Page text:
When I stopped struggling against my mental illness

Photo by Noah Buscher on Unsplash

I pulled the bed sheet back down over my nose and hit the light switch on the floor beside me as soon as I was sure my mother had found her way to her bed. I must have made some pained sub-verbal noise as I rolled over. Maybe it was the miasma of stress-related body aches that were only disentangled at night, once I’d used up all of my daytime distractions and was left with nothing but insomnia and my own horrible thoughts to sit with until the sun came up and I could start pretending to be busy with…

Face blindness, communication, and neurodiversity in digital social life

“It’s so nice to see your face” is a phrase I’ve heard more in the past three weeks than I have over the sum of the last several years. When our lab shut down, we were, along with millions of others, plunged into a panicked state of suspended animation. Each morning we would check the news for newly diagnosed cases of Covid-19, new restrictions on our movement, and ad hoc guidelines for our behaviour that all seemed to come in an uncensored contradictory flood.

During this time, we worked to hastily determine who would be permitted to return to campus…

Empathy and Pain in the Evolution of our Social Brains

Image by Gerd Altmann from Pixabay

My first mouse of the day was called “LG1202”. Had I met this mouse in a different time, maybe found him in a pet store or in my back yard, this wouldn’t have been the name I’d chosen for him. To me, he was more of a “Peanut” or “Potato”, something to match his compact, doughy little body and his big wet inquisitive eyes. He didn’t look like an “LG1202”. No one really looks like an “LG1202,” though, and there’s strategy in this. When we work with animals, we name…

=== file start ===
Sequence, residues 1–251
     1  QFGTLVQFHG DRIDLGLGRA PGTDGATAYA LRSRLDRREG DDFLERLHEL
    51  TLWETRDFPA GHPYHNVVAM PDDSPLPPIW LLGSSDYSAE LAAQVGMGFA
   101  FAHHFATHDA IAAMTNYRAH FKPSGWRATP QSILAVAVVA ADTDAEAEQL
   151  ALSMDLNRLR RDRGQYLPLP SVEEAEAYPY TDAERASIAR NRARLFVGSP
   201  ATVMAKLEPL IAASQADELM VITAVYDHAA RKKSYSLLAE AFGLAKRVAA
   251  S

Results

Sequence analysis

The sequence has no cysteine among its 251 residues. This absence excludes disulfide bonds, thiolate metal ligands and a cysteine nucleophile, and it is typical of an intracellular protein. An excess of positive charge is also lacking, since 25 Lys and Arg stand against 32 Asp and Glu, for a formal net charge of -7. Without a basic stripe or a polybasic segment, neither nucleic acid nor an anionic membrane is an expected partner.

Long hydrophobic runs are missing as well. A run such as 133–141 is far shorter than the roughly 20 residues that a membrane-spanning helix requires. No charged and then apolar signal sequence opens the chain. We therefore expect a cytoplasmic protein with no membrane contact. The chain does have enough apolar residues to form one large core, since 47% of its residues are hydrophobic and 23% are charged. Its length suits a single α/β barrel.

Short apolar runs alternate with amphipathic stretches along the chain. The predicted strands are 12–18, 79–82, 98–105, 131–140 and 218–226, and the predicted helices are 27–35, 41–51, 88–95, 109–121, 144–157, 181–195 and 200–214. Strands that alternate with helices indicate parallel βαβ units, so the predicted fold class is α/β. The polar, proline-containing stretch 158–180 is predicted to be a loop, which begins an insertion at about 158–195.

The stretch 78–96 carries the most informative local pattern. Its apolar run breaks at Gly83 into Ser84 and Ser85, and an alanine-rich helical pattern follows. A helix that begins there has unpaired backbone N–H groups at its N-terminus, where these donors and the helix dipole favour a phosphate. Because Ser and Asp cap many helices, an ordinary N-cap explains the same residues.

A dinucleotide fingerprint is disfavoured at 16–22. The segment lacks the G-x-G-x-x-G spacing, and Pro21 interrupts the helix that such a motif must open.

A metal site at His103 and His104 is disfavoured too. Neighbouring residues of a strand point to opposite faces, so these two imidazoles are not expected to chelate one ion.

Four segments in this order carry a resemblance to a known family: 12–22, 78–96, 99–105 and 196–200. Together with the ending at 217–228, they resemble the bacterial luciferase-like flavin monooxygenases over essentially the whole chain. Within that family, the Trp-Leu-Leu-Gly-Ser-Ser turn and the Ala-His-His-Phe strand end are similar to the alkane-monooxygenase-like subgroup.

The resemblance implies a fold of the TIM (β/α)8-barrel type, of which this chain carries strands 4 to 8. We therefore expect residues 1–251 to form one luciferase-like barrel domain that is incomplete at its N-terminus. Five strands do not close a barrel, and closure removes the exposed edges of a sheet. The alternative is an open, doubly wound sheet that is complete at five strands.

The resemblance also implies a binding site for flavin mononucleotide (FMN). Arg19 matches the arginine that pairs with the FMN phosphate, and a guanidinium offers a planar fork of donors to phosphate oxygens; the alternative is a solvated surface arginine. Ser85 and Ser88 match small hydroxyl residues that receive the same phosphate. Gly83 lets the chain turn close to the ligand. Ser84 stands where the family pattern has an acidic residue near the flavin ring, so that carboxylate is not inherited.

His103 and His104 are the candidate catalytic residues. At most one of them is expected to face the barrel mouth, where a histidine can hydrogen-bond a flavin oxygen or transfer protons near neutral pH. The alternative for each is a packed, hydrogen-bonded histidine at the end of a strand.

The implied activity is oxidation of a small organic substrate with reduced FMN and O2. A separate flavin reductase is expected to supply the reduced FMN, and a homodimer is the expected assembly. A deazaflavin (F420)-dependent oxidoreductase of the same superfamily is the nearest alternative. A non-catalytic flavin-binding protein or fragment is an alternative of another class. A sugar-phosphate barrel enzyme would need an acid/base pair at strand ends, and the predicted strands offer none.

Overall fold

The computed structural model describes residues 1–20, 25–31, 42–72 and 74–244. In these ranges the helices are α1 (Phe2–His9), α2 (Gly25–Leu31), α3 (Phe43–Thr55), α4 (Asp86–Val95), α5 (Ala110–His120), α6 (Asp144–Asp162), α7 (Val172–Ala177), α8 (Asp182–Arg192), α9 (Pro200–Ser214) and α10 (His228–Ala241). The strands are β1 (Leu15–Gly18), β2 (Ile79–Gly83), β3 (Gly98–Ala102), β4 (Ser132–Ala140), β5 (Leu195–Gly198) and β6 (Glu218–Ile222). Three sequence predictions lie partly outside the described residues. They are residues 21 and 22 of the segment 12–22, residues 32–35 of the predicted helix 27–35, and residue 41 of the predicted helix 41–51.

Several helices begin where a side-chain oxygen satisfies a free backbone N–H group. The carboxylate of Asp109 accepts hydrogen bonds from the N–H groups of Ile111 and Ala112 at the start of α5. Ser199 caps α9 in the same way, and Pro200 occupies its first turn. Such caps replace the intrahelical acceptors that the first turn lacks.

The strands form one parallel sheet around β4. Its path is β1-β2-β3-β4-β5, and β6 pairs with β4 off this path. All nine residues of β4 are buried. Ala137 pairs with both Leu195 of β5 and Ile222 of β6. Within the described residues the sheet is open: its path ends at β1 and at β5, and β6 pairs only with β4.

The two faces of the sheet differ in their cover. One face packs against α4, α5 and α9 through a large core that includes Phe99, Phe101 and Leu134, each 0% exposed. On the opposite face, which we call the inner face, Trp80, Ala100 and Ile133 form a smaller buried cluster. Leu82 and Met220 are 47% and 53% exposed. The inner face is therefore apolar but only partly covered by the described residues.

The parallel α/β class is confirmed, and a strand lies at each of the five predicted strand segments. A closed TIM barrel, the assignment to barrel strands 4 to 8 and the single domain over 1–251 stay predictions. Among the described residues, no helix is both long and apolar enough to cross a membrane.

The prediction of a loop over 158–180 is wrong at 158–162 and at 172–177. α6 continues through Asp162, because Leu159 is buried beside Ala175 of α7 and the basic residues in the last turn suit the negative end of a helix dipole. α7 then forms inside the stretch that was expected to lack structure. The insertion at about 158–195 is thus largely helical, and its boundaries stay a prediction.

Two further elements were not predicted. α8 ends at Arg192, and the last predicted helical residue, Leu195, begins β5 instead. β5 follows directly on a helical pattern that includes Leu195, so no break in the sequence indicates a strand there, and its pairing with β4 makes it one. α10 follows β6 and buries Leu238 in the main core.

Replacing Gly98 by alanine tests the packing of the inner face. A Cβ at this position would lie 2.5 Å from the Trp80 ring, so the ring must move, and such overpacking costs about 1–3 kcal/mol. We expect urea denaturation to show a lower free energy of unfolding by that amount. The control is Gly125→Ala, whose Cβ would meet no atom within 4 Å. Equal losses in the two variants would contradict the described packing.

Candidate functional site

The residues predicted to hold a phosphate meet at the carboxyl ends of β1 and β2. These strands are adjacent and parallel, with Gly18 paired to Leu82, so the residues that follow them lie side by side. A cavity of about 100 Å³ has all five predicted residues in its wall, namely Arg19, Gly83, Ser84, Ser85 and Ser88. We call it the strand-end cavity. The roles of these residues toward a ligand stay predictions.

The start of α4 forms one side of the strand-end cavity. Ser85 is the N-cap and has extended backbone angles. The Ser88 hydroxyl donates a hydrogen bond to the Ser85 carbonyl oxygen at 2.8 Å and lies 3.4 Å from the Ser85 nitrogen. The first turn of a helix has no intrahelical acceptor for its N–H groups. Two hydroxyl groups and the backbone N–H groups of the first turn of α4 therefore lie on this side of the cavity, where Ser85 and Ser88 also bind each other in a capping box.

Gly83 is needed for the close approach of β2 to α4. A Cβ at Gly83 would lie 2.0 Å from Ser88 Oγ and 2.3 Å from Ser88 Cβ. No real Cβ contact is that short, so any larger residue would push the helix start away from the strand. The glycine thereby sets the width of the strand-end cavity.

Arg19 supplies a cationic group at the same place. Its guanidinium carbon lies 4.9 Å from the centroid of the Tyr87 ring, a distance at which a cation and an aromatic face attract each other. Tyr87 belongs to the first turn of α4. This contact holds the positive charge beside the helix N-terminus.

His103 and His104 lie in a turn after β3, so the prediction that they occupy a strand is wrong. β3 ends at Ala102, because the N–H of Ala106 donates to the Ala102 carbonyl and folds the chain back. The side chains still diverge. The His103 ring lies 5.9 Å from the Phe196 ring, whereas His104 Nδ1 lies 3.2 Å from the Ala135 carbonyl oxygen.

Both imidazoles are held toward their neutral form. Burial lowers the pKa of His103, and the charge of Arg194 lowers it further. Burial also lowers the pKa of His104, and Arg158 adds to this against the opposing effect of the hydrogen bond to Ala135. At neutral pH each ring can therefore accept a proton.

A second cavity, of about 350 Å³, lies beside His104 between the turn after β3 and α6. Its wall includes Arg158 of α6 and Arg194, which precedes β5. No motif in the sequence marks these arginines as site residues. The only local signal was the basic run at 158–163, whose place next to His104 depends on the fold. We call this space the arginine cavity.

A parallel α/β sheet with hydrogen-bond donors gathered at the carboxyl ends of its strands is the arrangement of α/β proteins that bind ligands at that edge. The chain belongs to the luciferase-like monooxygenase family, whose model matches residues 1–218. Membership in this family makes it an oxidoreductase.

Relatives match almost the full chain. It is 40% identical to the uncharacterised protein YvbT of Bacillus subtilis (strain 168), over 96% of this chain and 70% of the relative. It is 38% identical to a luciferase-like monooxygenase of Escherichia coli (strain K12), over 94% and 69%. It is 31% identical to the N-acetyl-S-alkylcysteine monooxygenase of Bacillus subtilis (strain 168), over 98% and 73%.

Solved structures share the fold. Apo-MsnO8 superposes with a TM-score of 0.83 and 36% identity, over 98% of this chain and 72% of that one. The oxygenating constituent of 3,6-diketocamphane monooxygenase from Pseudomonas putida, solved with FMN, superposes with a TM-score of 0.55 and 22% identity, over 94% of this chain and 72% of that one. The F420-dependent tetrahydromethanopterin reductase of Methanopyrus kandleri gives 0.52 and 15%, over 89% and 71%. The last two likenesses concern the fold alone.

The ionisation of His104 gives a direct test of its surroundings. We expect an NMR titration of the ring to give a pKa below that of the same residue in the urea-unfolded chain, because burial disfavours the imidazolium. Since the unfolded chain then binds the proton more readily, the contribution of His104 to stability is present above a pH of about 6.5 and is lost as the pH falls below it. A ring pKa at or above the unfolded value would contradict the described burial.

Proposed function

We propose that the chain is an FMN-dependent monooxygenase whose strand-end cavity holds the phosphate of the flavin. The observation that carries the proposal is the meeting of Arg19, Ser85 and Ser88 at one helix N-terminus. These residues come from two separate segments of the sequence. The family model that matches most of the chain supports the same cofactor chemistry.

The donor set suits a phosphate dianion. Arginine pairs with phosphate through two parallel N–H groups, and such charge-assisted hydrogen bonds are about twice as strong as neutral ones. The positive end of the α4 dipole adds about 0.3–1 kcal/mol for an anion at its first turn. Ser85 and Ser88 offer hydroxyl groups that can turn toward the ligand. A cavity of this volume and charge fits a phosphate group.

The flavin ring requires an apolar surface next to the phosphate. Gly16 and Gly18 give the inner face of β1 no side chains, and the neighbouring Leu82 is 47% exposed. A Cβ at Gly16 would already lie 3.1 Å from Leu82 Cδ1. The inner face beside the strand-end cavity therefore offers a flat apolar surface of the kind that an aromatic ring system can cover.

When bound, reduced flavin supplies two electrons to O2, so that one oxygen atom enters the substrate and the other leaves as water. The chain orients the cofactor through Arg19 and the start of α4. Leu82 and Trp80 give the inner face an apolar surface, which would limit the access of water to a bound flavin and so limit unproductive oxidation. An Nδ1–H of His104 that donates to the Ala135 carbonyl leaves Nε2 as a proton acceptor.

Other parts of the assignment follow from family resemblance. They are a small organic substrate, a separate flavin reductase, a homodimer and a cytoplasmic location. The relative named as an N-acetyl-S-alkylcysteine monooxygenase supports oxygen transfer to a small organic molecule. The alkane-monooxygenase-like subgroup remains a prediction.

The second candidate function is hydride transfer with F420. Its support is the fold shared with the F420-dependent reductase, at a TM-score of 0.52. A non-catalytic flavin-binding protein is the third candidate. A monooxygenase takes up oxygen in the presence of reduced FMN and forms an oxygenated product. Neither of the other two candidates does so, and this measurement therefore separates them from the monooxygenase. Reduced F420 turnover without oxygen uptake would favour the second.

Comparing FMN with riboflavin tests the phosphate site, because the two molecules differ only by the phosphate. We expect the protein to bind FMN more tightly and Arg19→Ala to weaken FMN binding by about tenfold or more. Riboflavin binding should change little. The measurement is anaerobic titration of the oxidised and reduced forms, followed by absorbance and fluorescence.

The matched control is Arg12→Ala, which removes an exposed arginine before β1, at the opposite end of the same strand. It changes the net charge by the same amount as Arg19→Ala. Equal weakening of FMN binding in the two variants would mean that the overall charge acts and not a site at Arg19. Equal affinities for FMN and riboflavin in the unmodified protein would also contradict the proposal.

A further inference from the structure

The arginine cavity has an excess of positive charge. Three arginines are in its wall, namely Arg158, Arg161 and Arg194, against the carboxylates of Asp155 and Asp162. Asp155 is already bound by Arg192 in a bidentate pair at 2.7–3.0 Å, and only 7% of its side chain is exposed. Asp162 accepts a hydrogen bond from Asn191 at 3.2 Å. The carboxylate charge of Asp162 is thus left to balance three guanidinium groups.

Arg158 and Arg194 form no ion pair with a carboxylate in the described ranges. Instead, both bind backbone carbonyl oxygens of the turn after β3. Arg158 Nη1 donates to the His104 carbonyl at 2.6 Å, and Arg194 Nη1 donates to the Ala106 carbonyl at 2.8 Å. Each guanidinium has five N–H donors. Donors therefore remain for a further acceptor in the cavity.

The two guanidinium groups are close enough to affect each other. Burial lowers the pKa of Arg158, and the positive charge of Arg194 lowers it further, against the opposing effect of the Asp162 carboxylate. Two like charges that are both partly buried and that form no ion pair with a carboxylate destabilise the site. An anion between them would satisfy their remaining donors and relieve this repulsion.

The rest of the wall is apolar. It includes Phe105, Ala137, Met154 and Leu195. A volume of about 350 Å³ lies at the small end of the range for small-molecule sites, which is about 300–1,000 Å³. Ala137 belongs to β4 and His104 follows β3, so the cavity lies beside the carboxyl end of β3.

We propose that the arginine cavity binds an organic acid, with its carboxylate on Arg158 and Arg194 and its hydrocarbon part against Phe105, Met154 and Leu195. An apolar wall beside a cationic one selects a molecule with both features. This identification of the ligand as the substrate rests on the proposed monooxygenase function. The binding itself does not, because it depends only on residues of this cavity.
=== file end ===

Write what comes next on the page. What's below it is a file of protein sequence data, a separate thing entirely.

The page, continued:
How dopamine helps you pick your battles

If you want a mouse to learn something quickly, give it a strawberry milkshake.

Behavioural neuroscientists know that mice have a powerful sweet tooth, so it’s common in this kind of research to use saccharin or glucose as a reward. But mice crave strawberry milkshakes so strongly that they’ll work harder for a few sips than for other kinds of sweets. They’ll also make fewer mistakes and complete more trials during cognitive tasks before they give up.

Every mouse has a break point, though. Even when the stakes are as high as a strawberry milkshake.

Mine was during graduate school…

Stress, hunger, and the double-edged sword of the ketogenic diet

In the beginning, medicine was messy. Before we had the technology to see into cells, all we had was observation, inference, and good old fashioned knives. And in the very beginning, we didn’t even have the luxury of being able to cut people open to see how everything fit together: in many parts of the world, for religious and cultural reasons, human dissection was strictly off the table. So early students of human form and function had to make do with animals and hope that our own guts were arranged…

Lindsay Gray

Neuroscientist & cellist. Explorer of the weird wonders of the human brain.